A common BIM deletion polymorphism mediates intrinsic resistance and inferior responses to tyrosine kinase inhibitors in cancer


Tyrosine kinase inhibitors (TKIs) elicit high response rates among individuals with kinase-driven malignancies, including chronic myeloid leukemia (CML) and epidermal growth factor receptor–mutated non–small-cell lung cancer (EGFR NSCLC). However, the extent and duration of these responses are heterogeneous, suggesting the existence of genetic modifiers affecting an individual's response to TKIs. Using paired-end DNA sequencing, we discovered a common intronic deletion polymorphism in the gene encoding BCL2-like 11 (BIM). BIM is a pro-apoptotic member of the B-cell CLL/lymphoma 2 (BCL2) family of proteins, and its upregulation is required for TKIs to induce apoptosis in kinase-driven cancers. The polymorphism switched BIM splicing from exon 4 to exon 3, which resulted in expression of BIM isoforms lacking the pro-apoptotic BCL2-homology domain 3 (BH3). The polymorphism was sufficient to confer intrinsic TKI resistance in CML and EGFR NSCLC cell lines, but this resistance could be overcome with BH3-mimetic drugs. Notably, individuals with CML and EGFR NSCLC harboring the polymorphism experienced significantly inferior responses to TKIs than did individuals without the polymorphism (P = 0.02 for CML and P = 0.027 for EGFR NSCLC). Our results offer an explanation for the heterogeneity of TKI responses across individuals and suggest the possibility of personalizing therapy with BH3 mimetics to overcome BIM-polymorphism–associated TKI resistance.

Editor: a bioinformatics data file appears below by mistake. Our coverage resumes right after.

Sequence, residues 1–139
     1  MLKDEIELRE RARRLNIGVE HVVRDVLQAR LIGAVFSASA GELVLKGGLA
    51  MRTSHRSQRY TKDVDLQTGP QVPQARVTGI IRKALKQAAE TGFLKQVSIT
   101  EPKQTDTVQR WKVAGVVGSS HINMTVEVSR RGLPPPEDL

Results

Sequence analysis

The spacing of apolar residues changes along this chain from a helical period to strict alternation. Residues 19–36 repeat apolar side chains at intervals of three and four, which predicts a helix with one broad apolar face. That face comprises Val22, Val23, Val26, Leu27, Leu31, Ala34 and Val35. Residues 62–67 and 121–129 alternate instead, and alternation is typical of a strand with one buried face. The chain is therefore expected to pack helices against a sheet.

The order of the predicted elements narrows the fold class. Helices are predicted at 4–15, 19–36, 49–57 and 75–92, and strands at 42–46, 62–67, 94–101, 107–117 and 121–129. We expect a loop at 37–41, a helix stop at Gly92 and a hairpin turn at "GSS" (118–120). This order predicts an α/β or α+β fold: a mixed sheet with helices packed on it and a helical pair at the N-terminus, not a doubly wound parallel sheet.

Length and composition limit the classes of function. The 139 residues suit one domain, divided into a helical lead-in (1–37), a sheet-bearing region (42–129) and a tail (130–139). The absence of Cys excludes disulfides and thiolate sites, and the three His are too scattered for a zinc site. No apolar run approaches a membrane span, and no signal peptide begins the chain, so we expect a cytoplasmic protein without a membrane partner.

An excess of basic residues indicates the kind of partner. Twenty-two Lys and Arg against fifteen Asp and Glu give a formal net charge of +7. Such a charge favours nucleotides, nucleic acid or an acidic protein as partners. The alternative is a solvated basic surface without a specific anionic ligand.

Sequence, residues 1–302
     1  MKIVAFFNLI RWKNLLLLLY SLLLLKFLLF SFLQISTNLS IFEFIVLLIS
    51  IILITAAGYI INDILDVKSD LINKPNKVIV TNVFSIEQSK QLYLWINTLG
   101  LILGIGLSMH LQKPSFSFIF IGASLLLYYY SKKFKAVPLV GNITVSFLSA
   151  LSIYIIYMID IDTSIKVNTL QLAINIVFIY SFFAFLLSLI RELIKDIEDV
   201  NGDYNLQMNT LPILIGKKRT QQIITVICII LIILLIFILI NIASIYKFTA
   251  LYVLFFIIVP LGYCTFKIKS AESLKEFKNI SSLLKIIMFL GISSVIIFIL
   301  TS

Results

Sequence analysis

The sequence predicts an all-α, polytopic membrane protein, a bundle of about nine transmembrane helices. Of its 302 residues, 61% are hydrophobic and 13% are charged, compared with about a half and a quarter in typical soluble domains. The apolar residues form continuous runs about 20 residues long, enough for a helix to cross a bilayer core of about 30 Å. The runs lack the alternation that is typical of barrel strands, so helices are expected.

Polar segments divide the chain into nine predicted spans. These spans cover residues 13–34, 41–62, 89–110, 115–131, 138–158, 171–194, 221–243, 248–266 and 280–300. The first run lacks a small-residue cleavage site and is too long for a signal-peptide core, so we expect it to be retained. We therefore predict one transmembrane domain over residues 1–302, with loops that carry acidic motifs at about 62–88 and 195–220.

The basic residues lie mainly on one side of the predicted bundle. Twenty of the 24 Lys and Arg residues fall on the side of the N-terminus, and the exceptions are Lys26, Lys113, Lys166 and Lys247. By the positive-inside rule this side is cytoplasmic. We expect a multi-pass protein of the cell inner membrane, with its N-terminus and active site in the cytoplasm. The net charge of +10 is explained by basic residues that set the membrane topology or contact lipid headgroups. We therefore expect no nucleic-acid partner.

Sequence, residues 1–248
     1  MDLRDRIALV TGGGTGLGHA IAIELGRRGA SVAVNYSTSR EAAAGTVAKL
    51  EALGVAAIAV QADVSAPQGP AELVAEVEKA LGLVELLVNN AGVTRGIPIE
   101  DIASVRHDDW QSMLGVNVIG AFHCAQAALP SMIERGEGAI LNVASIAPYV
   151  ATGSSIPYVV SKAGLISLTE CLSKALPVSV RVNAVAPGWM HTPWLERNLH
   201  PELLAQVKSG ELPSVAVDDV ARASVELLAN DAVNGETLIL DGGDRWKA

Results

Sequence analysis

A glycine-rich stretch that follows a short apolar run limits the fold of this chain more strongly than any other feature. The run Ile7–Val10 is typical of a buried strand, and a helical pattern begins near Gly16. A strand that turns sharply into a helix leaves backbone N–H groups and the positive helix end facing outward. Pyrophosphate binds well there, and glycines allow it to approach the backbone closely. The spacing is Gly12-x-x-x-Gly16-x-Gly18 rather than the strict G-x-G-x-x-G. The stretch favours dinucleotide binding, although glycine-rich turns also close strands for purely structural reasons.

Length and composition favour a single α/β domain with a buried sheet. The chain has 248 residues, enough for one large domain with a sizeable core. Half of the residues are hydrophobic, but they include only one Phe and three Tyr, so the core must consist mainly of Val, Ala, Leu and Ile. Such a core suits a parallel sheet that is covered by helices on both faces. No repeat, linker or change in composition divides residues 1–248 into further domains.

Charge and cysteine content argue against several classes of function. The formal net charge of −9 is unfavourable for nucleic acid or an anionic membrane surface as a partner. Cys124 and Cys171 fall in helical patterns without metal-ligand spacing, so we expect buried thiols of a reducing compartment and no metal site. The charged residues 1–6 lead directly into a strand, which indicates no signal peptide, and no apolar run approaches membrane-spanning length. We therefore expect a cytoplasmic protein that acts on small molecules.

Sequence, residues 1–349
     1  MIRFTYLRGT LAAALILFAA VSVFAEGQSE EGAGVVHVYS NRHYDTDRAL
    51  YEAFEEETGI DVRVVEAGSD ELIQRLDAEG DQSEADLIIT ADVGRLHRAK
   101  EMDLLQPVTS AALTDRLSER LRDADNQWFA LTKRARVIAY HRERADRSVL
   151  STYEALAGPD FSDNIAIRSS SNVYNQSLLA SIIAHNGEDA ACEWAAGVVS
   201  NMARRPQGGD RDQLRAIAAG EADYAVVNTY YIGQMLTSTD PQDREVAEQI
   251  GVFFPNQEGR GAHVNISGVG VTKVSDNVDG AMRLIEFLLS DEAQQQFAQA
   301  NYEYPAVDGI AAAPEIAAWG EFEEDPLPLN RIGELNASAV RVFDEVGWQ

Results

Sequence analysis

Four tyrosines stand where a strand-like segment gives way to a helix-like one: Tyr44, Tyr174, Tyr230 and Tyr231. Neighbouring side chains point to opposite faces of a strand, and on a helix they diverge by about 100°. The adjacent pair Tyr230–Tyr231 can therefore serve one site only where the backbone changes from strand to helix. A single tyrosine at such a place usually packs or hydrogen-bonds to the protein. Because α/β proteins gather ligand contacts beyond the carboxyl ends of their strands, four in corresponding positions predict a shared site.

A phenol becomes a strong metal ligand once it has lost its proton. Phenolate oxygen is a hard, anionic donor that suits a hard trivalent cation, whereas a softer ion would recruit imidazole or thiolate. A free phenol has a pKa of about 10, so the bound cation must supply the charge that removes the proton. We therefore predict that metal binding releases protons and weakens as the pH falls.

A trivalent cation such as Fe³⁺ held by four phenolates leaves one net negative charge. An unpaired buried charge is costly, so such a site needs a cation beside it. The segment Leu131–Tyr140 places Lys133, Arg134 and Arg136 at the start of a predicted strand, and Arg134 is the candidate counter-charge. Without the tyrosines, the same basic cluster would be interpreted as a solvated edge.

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Figure 1: A 2,903-bp deletion polymorphism in intron 2 of BIM is present in TKI-resistant CML samples.
Figure 2: Effects of the deletion polymorphism on BIM gene function.
Figure 3: De novo generation and analysis of CML cell lines with the BIM deletion polymorphism.
Figure 4: The BIM deletion polymorphism is sufficient to cause intrinsic TKI resistance in EGFR NSCLC cell lines.
Figure 5: The BIM deletion polymorphism predicts shorter PFS in individuals with EGFR-mutant NSCLC treated with EGFR TKI therapy.